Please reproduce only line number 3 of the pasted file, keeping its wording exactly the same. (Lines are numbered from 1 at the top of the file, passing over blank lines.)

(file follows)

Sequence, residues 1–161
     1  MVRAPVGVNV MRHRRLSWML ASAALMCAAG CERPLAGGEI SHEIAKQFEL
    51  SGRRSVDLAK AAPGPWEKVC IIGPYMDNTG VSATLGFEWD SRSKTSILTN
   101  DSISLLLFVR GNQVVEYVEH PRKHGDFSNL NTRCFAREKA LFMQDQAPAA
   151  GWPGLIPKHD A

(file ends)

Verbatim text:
    51  SGRRSVDLAK AAPGPWEKVC IIGPYMDNTG VSATLGFEWD SRSKTSILTN